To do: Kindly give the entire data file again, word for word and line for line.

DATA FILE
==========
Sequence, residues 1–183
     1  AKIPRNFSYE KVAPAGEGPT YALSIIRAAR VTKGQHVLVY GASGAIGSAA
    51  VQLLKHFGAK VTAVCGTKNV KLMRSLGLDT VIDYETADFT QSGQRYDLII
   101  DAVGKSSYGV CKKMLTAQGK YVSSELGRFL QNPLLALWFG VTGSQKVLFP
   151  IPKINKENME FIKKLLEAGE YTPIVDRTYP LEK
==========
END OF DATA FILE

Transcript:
Sequence, residues 1–183
     1  AKIPRNFSYE KVAPAGEGPT YALSIIRAAR VTKGQHVLVY GASGAIGSAA
    51  VQLLKHFGAK VTAVCGTKNV KLMRSLGLDT VIDYETADFT QSGQRYDLII
   101  DAVGKSSYGV CKKMLTAQGK YVSSELGRFL QNPLLALWFG VTGSQKVLFP
   151  IPKINKENME FIKKLLEAGE YTPIVDRTYP LEK